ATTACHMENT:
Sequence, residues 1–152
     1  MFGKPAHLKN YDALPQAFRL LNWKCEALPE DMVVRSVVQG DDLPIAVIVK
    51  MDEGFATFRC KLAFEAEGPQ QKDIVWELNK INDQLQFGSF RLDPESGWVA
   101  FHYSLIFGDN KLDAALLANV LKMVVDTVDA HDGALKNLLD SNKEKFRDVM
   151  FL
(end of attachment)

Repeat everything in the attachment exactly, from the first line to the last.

Sequence, residues 1–152
     1  MFGKPAHLKN YDALPQAFRL LNWKCEALPE DMVVRSVVQG DDLPIAVIVK
    51  MDEGFATFRC KLAFEAEGPQ QKDIVWELNK INDQLQFGSF RLDPESGWVA
   101  FHYSLIFGDN KLDAALLANV LKMVVDTVDA HDGALKNLLD SNKEKFRDVM
   151  FL